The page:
9 tips to painting the road at the Tour de France

The Tour de France rolls into town in a few weeks’ time and once again you’ll see those magnificent men on their cycling machines taking on the best the mountains can throw at them. There’s no Mont Ventoux on the route this year but back in 2009 there was … and we painted a big Union Flag across the road near the top of it! And you could too!

Our Union Flag and WIGGO on Mont Ventoux

Our Union Flag and WIGGO on Mont Ventoux

We’d always planned to visit the penultimate stage of the Tour that year (Montélimar to Mont Ventoux), flying into Marseille and driving up the mountain before heading straight to the final stage along the Champs Élysée. I hadn’t planned to paint a flag in the early hours of the morning, but maybe my friend Al maybe had. So at the base of the mountain he suggested we buy some red and blue gloss paint, some white emulsion, a roller and a paint tray before heading on up the course.

Getting our paint supplies from Mr Bricolage

Getting our paint supplies from Mr Bricolage

The three of us overnighted in our Fiat Punto hire car but not before our artwork had been laid down on the tarmac just below Chalet Reynard.

In the end it was just me and Al who had the commitment to stay awake and put “paint to tarmac” and so it was just before midnight that we began. Admittedly the English flag might have been easier to replicate, rather than the unexpectedly intricate Union Flag, what with it’s thinner and thicker white edges. We had a cloth Union Flag with us so that was laid out on the floor for us to gauge how and where we should roll out our design. Our head torches serving extremely useful in the dark, mountainous night.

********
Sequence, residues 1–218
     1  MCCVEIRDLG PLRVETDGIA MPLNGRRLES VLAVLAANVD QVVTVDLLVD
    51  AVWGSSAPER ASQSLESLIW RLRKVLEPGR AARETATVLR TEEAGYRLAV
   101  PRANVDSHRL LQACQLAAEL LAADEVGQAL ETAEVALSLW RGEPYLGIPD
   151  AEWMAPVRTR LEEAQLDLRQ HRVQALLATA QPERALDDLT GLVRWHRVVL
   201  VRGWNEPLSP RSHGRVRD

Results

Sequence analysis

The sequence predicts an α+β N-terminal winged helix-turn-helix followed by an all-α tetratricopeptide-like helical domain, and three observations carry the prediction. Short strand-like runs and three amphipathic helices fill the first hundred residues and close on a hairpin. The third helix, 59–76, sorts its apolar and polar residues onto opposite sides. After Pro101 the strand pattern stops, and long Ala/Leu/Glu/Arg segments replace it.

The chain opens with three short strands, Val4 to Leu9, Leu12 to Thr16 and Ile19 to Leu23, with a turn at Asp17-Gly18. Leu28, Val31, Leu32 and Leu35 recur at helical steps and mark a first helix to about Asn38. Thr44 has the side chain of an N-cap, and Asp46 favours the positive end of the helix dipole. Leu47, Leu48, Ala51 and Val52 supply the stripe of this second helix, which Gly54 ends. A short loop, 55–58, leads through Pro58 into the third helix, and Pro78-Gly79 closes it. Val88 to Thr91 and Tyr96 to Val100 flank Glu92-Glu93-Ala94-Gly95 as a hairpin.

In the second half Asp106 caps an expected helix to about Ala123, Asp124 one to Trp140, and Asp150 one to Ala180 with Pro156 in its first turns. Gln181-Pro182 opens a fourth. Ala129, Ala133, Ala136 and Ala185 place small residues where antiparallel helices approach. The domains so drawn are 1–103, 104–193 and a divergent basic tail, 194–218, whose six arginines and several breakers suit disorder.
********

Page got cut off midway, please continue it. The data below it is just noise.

1am in the morning and applying the finishing touches

1am in the morning and applying the finishing touches

Halfway through creating our masterpiece we were interuppted by some French Gendarmerie approaching in their blue police car. We instantly assumed the game was up, or worse, but they simply wanted to know which side of the road to drive on to cause least damage to the drying paint. Now that was rather nice of them! So don’t worry! Painting the road is perfectly allowable during “the Tour” in France.

However I did make a rash decision to slop some thicker white emulsion on the first ‘G’ of ‘WIGGO’ out of sheer laziness which lead to a car leaving a tyre print off the bottom edge of the flag but I’ll let myself off for that.

Adding to our enjoyment was subsequently finding out that Phil Liggett had mentioned our artwork on ITV4 as the live TV helicopter flew overhead.

“As the flag of the United Kingdom is on the road there and they’re there for Bradley Wiggins and he’s right here”

Mentioned on ITV4. The yellow jersey (Lance Armstrong) in the bottom of the pic!!

Mentioned on ITV4. The yellow jersey (Lance Armstrong) in the bottom of the pic!!

Ventoux just below Chalet Reynard on race day!

Ventoux just below Chalet Reynard on race day!

Even better than the ITV4 mention was it consequently appearing on Google Maps! Using the history function (which shows the same stretch of road over the years) we could even see how long it took for the flag to disappear. About 4 years in this case, with the red and blue gloss paint lasting longer than the white emulsion.

Google Maps - our Union Flag just 2 months on - September 2009

Google Maps – our Union Flag just 2 months on – September 2009

Google Maps - our Union Flag 10 months later - May 2010

Google Maps – our Union Flag 10 months later – May 2010

Google Maps - our Union Flag 5 years on - May 2014

Google Maps – our Union Flag 5 years on – May 2014

Google Maps - our Union Flag 5 years on, pretty much gone! - July 2015

Google Maps – our Union Flag 5 years on, pretty much gone! – July 2015

Top Tips

  1. Take a head torch
  2. Take an actual flag with you if that will help you with your design
  3. Buy the paint when you arrive
  4. Use gloss paint to make your image last that little bit longer
  5. Don’t worry about the Gendarmerie stopping you
  6. Paint your design later at night when less cars are driving backwards and forwards
  7. Enjoy watching lots of people taking photos with your artwork the next day
  8. See if it appears live on the TV or in the highlights package
  9. Check out Google Maps a few months later to see if it’s still there

Anybody else ever done a spot of road painting? 🙂

Dreiländereck – walk across 3 countries in 10 minutes

A friend of mine turned 40 recently and for his birthday he wanted to fly into Basel, head to the Black Forest to watch some snowboarding cross, and then watch FC Freiburg in a Bundesliga game. The perfect opportunity to walk from one country, into another, into another then!

The Dreiländereck monument on Swiss soil. Not much to do there but it was a dreary day